How to Design Floors in Your Room


Since the floor makes up one of the largest single areas of any room to be furnished and decorated, its colouring, pattern and design need to be chosen very carefully for the overall scheme to be a success.

Because flooring materials must be hardwearing as well as decorative, they tend to be expensive, especially in the large quantities required, and are therefore replaced less frequently than other furnishings. Costly mistakes will have to be lived with for a long time; it also makes sense to choose a colour and style that will suit various schemes so that you will not be restricted to the same style of paint, paper and fabric until you can justify replacing the flooring.

Design Floors

First, you must consider which types of floor covering are most suitable before narrowing your choice down to colour and pattern. For each of the flooring types, think about things like its durability, comfort, ease of laying (if you plan to do the job yourself) and cost.

When thinking about colour and pattern, look at surface texture as well. This can make such a difference to your choice of other furnishings. Too many thick velvety surfaces, for example, can be a little oppressive; a room with a hard shiny floor with lots of gloss paint, mirrors and, maybe, ceramic tiles on the walls is not very relaxing. A variety of contrasting textures between flooring and other furnishings usually makes a more comfortable impression, although you may wish to use a certain type of flooring to create a special effect or style statement.

For example, a hard shiny surface in the living area creates a sense of smartness and slickness, while carpet in the bathroom provides an unmistakable sense of luxury.

VISUAL EFFECTS

You can create optical illusions with your choice of colour and pattern: strong, dark colours will make a room appear smaller and the ceiling lower, while a light, neutral all-over design such as a plain or lightly flecked carpet, cork, coir or timber can be used to create the impression of space. Laying a strong pattern on the diagonal will also give the impression that the room is rather larger than it is.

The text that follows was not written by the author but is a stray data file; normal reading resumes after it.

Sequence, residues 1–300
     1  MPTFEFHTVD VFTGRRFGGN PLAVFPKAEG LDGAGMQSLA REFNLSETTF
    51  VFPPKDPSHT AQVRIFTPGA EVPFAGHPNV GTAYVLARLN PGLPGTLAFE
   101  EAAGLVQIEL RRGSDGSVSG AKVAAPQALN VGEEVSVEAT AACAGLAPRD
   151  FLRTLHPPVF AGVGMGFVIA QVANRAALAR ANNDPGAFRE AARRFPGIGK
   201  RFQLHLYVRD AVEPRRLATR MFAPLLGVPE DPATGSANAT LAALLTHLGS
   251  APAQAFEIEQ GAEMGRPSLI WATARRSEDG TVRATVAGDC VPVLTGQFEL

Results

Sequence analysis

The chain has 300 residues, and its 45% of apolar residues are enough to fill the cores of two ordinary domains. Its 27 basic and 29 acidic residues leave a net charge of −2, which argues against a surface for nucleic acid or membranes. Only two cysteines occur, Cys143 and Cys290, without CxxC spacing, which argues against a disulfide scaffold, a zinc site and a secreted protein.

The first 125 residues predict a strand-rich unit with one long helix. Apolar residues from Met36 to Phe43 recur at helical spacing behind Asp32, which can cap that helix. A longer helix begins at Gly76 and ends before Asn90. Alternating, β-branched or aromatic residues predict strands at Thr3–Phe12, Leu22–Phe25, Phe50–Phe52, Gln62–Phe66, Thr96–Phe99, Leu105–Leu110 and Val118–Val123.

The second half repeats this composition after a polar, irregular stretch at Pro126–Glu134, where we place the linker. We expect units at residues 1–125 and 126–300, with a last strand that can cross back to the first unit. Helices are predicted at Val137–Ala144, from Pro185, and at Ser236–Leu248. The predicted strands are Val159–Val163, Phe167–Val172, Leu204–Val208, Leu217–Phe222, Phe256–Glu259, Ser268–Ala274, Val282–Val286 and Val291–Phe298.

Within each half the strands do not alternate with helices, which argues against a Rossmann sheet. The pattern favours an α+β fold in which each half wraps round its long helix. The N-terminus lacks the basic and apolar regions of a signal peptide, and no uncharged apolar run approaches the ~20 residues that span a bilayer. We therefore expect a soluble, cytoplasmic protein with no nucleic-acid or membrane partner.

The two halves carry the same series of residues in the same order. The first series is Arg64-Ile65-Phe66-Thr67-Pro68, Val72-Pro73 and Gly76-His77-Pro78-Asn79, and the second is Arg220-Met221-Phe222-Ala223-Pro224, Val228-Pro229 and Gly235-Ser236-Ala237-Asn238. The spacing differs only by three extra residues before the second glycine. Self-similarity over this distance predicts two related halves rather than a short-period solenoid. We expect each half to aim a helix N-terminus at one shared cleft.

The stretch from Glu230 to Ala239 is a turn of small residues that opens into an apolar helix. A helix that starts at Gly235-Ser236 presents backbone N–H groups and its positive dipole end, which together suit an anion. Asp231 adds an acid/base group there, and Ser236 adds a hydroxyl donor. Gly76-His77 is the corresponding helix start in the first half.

Decorative borders are helpful for defining an area and also to create a strong decorative theme. An infinite number of original designs is possible, especially using the different shapes and colours available among ceramic and quarry tiles or woodblock flooring.

Few classic designs are more striking than the traditional two-coloured chequerboard effect of alternating black (or similarly dark-coloured) tiles with white. With ceramic, stone, vinyl and lino tiles you can use octagonal white squares with small black squares (insets) to fill in the gaps.

Ceramic, lino and vinyl tiles all offer a wonderful variety of colours and motifs, but subtler, equally stunning, effects can be created using different shapes or configurations. Bricks and woodblocks can be laid in basketweave or herringbone patterns as well as the more familiar ‘bonded’ pattern; interlocking parquet or quarry tiles can be used to make up your own design.

However, this bold kind of treatment is not to everyone’s taste. A patterned floor can make the rest of the room difficult to coordinate, unless the pattern is tiny or unobtrusive. A plain colour or flecked effect makes it easier to choose the rest of the room’s furnishings; if you are worried it is looking too dull, a more neutral flooring can be livened up with rugs, mats or furniture.

If you are hoping to match the colour of your carpet or other floor covering exactly to certain other furnishings, then you should cut a tuft or snippet from a place where it will not be noticed or from an off-cut or sample of the material and take it with you to compare when you buy the floor covering.

Colours can be very tricky to match correctly from memory and you may find it easier if you opt instead for a paler or darker shade of the same hue or even a complementary or contrasting colour – red or pink, for example, can look very good against grey, while yellow is the traditional companion for green.

Design Floors

Remember that light can change colours dramatically so think about how and when the room is most likely to be used. Enhance a room receiving the late afternoon sunshine with honey shades of gold, brown and russet. Avoid blues and cold greens in a north-facing room or one with little natural light to prevent a chilly effect, especially where there are a lot of shiny surfaces, such as in a bathroom. If the room will be mainly used in artificial light, do check under a lamp with your samples: some reds and greens go brown, while blue might look black or grey. The secret is to beg, borrow or buy a sample of tile, carpet or whatever your choice of flooring and live with it in situ for a few days. You will soon see if it suits.

Filed Under: Home & Maintenance

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About the Author: Jason Prickett loves to write about home maintenance and stuff you can do yourself instead of hiring any professional. His step by step guides will assist you in completing your home maintenance tasks.

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